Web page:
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National Transportation Safety Board Regulations

National Transportation Safety Board Seal

Introduction:

  • The National Transportation Safety Board (NTSB) is the FAA organization responsible for investigating accidents to find the causal factors to prevent them from occurring in the future
  • Following a defined event, the NTSB takes interest
  • The aviation community requires notifications and reports to know when to get involved
  • The investigation archive is an excellent source for lessons learned and case studies: https://www.ntsb.gov/_layouts/ntsb.aviation/index.aspx
  • As a first responder, be aware of preservation requirements

Definitions:

  • Accident:

    • Any person suffers death or serious injury or in which the aircraft receives substantial damage
    • The operator of the aircraft must file an accident report within ten days or seven days if overdue aircraft is still missing
  • Incident:

    • An occurrence other than an accident that affects or could affect the safety of operations
    • The operator of the aircraft is required to submit a report to the nearest NTSB field office when requested
  • Operator:

    • Any person who causes or authorizes the operation of an aircraft
    • Ex: owner, lessee of an aircraft
  • Substantial Damage:

    • Damage or failure that adversely affects the structural strength, performance, or flight characteristics of the aircraft and would usually require significant repair or replacement
    • Not Considered Substantial Damage:
      • Engine failure or damage limited to an engine if only one engine fails or is damaged
      • Bent fairings or cowling
      • Dented skin
      • Small punctured holes in the skin or fabric
      • Ground damage to rotor or propeller blades
      • Damage to landing gear, wheels, tires, flaps, engine accessories, brakes, or wingtips

Notifications & Reports:

  • Immediate Notification:

    • Any aircraft involved in an accident requires an immediate notification be submitted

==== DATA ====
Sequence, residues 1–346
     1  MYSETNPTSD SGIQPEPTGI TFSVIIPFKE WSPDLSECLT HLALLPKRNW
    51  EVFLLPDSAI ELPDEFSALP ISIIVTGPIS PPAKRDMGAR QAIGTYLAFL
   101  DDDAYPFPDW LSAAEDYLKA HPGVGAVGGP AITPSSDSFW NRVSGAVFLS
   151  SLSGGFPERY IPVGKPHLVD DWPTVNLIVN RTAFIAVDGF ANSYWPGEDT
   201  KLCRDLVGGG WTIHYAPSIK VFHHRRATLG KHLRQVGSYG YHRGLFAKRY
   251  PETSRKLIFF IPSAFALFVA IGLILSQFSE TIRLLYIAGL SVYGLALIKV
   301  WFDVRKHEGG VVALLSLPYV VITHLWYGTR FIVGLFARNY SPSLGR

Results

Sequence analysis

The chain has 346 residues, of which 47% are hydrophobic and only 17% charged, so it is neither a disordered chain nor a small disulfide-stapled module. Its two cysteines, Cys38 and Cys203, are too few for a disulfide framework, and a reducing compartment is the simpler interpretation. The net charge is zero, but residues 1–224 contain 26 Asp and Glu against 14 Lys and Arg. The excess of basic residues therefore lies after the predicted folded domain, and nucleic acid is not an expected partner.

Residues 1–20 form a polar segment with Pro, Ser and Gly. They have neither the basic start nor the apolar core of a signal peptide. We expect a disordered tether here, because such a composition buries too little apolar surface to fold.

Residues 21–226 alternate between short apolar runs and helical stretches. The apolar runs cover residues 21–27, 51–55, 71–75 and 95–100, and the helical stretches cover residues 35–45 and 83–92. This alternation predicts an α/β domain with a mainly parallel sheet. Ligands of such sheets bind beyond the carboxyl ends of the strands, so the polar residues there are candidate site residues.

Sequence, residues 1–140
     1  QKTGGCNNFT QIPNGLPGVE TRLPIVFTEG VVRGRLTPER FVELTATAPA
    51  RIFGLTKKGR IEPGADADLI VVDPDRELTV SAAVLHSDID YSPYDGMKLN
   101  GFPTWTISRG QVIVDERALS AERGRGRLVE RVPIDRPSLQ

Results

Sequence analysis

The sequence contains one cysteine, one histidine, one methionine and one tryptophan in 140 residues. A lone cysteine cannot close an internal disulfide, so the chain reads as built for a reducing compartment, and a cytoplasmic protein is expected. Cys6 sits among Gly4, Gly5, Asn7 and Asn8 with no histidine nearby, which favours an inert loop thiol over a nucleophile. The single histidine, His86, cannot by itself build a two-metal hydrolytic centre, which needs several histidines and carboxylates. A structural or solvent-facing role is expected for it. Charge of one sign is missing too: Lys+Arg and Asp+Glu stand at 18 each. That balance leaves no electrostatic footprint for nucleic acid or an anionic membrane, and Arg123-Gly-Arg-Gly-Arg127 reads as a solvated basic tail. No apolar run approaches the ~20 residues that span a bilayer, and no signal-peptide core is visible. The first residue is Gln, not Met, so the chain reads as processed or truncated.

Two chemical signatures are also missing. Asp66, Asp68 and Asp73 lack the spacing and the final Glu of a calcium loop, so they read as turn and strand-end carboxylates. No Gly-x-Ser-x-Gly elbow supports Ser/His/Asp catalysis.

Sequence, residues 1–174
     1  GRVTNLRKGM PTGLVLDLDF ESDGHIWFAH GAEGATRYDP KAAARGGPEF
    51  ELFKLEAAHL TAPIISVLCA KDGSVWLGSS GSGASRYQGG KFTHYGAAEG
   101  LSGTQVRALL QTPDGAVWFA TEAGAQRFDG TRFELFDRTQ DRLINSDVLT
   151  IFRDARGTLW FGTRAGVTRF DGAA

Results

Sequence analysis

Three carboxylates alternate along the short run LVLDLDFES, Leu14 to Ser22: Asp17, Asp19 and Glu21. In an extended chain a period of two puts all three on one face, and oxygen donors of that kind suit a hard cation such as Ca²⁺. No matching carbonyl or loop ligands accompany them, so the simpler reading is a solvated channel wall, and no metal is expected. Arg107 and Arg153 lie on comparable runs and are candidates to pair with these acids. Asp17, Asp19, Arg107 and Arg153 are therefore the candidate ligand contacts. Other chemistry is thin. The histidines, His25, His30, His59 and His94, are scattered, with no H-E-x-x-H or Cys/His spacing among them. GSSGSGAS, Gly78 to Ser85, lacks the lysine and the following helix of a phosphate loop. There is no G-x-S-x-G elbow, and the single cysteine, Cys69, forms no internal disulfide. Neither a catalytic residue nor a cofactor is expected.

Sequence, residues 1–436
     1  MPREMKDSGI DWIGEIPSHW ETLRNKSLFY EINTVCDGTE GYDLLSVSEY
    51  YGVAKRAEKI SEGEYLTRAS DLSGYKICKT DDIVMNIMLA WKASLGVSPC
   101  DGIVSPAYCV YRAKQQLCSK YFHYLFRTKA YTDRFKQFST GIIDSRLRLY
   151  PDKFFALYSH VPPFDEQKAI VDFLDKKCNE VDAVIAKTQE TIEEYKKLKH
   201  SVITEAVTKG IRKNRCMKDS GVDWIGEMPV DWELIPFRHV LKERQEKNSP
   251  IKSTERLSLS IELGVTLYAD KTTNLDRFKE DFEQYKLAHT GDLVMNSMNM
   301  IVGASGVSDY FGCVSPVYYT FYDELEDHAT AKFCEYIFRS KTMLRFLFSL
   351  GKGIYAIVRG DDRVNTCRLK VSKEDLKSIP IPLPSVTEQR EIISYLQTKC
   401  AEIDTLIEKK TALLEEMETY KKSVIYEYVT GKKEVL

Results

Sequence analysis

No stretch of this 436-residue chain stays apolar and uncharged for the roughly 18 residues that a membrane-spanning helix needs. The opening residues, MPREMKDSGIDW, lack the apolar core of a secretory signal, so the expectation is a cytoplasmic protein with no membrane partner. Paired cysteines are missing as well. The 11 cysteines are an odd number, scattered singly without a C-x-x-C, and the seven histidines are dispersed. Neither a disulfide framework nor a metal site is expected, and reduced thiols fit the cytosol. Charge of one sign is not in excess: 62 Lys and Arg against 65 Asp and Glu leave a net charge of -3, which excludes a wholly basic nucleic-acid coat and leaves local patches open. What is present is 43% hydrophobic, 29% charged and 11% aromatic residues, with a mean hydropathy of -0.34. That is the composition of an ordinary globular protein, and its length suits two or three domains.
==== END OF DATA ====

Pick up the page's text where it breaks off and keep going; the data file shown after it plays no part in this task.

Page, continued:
• Any of the following incidents:
      • Flight control system malfunction or failure
      • The Inability of a required crew-member to perform normal duties
      • In-flight fire
      • Aircraft collide in flight
      • Damage to property other than aircraft exceeding $25,000
      • An overdue aircraft believed to be involved in an accident
  • Reporting:

    • If, as the operator of an aircraft, you are involved in an accident, you are required to file a report within 10-days
    • If, as the operator of an aircraft, you are involved in an incident, you may be required to file a report
    • If an aircraft is involved in an accident that results in substantial damage, you are required to file a report immediately
    • If an overdue aircraft is still missing, you are required t file a report within 7-days

Preservation:

  • The site must be preserved, and therefore nothing moved, for investigators to see things as they impacted
  • Exceptions include:
    • Protecting mail
    • Protecting cargo
    • Protecting documents

Conclusion:

  • To date, the NTSB has issued over 13,000 safety recommendations to more than 2,500 recipients
  • Because the NTSB has no formal authority to regulate the transportation industry, its effectiveness depends on its reputation for conducting thorough, accurate, and independent investigations and for producing timely, well-considered recommendations to enhance transportation safety
  • The NTSB Aviation Database is an incredibly useful tool for pilots to learn from others mistakes
    • Consider reviewing NTSB reports by your aircraft type, your operation, and by airport
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